It can be far too easy to write all the other parts and then just get the bass to follow along to the root notes. Mirroring the guitar chords closely, perhaps changing ever so slightly. This works fine in many situations and if you are trying to create a driving rock song then maybe a complicated bassline won’t fit as well.

If you fancy making a really funky track that will get people dancing, starting with a great bassline and building around that can be a great method to test out.

Here’s Tom Petty talking about the importance of a great groove:

 

 

 

Plan out the song and arrangement on paper

 

This is a more advanced technique but one I use more frequently these days.

By sitting down and planning out your song on paper you can start to figure out how it is going to come together. I don’t mean actually writing the musical notes out (unless you are that advanced!) although you can write out basic chord progressions.

The key is to write the structure out, jot down a few notes on the theme and potential lyrics. Will the song build throughout? Will the verse be much softer than the chorus? Getting your ideas out of your head and onto paper can be a great way to start writing a song.

 

Start with a chord progression

 

A very common way to start writing a song is with a chord progression. The truth is that you will be hard-pressed to come up with a chord progression that hasn’t been done before and so starting with progressions that are known to work can really help you get started.

The two instruments you are probably most likely to write chords on are a guitar or piano.

So I’ll give you a little process for how to really quickly write a chord progression that is guaranteed to be a great base to any song.

  • As a beginner, it is probably advisable to start in a major key, as the majority of music is in a major key. Yes, you can get onto weirder minor stuff later but when learning how to write I would advise starting major.
  • Pick a key to write the progression in, let’s use C major as an example.
  • Now you want to build your progression around the scale of C major which is C, D, E, F, G, A, B.
  • The easiest way to then get a good progression is to use diatonic chords. The diatonic chords in a major scale include some minor chords (that doesn’t mean the song isn’t in a major key) and follows the structure:

Major – Minor – Minor – Major – Major – Minor – Diminished*

*I’m going to leave off the diminished chord in this example as it is a little complicated when you first begin songwriting.

This is often expressed as roman numerals, with upper case representing major and lower case minor:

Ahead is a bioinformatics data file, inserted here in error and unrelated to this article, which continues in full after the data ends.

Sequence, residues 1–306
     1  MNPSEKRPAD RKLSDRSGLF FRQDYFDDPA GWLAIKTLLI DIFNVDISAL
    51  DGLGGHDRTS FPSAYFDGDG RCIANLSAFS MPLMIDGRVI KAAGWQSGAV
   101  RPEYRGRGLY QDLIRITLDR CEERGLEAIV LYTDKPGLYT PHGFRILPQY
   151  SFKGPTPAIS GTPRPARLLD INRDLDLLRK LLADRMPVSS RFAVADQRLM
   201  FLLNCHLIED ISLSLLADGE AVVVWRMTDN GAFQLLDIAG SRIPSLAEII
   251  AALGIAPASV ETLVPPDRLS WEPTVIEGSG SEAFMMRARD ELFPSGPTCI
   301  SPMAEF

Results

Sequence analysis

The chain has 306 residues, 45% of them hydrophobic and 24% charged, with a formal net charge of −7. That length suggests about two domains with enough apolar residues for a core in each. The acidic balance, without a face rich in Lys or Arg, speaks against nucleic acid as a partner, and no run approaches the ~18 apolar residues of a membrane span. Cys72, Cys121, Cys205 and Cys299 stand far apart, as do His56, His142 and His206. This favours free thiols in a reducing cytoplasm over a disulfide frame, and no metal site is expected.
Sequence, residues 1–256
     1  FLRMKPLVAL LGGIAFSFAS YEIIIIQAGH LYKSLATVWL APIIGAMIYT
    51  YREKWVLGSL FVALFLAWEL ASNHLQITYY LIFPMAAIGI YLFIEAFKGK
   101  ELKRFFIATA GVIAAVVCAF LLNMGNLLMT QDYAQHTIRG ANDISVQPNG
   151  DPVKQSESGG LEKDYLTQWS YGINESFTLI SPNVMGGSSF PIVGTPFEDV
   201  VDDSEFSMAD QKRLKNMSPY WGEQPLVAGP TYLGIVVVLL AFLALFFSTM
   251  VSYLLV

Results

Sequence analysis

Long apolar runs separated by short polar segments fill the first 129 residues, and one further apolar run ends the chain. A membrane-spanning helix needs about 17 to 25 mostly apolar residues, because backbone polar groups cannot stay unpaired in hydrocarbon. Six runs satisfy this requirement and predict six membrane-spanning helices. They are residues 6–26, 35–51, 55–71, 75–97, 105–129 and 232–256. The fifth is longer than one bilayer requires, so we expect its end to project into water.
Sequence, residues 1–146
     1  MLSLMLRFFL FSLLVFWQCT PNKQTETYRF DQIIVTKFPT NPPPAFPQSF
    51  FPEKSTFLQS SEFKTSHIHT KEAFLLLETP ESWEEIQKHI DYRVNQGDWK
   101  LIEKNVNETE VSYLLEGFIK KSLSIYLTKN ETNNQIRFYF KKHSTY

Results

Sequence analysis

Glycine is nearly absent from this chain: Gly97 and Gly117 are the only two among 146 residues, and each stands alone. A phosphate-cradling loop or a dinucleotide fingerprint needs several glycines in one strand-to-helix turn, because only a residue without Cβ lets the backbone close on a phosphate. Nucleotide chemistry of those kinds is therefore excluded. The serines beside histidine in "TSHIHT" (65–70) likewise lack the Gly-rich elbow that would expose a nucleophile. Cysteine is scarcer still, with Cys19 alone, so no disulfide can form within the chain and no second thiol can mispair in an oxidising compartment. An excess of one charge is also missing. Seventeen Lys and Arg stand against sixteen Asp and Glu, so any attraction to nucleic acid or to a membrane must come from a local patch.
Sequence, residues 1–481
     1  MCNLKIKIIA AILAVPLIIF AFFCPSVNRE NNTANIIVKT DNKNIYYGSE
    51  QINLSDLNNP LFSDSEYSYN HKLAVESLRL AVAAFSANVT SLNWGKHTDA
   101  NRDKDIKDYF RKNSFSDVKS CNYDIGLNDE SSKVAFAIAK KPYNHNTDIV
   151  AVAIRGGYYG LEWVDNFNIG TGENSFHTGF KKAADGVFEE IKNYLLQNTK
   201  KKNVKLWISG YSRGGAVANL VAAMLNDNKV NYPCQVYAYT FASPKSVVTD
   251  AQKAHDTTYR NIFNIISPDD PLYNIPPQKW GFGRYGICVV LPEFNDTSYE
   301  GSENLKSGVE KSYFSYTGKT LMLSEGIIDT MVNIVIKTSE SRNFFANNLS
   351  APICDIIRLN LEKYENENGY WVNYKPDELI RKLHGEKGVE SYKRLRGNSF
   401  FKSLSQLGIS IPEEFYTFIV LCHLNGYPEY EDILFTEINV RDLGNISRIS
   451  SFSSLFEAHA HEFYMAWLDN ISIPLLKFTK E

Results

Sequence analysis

I – ii – iii – IV – V – vi 

So in the case of the C major scale that gives you:

Cmajor – Dminor- Eminor – Fmajor – Gmajor – Aminor

  • You always start a chord progression on the root chord so here that is the Cmajor. And begin with a simple 4 chord progression.
  • The second and third chord can be any of the others
  • The fourth chord should be either iV or V in most cases as this brings you more nicely back in a loop to the next Cmajor chord.

 

As with all these tips, that is simply a starting point to get you writing and there is nothing to stop you putting any chords together. There are loads of websites out there with charts of common chord progressions for you to use (this website goes into ridiculous detail). Have a look at some of you favourite songs and see which chord progressions they use. You’ll be surprised how many are very similar to one another.

A good resource for this is Ultimate Guitar where you can look up the chords for the majority of popular songs.

 

How to write a vocal melody

 

So now you’ve hopefully got some basic elements of your song down so it is probably time to start thinking about the vocals.

Too often (myself included here) people leave the vocal melody till the end and just sing the first thing that comes into their head. Bizarre when it is the part that most people will remember. You’d have to write a pretty killer drum part to get people humming along to that.

But how do we write a good melody?

 

Demo Vocals

 

This is a favourite trick of mine when initially trying to get some ideas down for a melody. At this stage, I’m not worried about lyrics or who hears me so I just sing random words over the top of the track until I get something that sounds good. I literally sing anything that comes into my head. Maybe I’ll pick a vague subject such as ‘cats’ and then I’ll just sing random stuff that pops into my head about cats. It could literally be anything just vague semi-coherent sounds.

It is important to use random words and sounds that vary rather than just humming or using the same word over and over because you want to create different sounds.

Here’s John Mayer explaining the importance of starting early with your demo vocals:

 

 

How to write backing vocals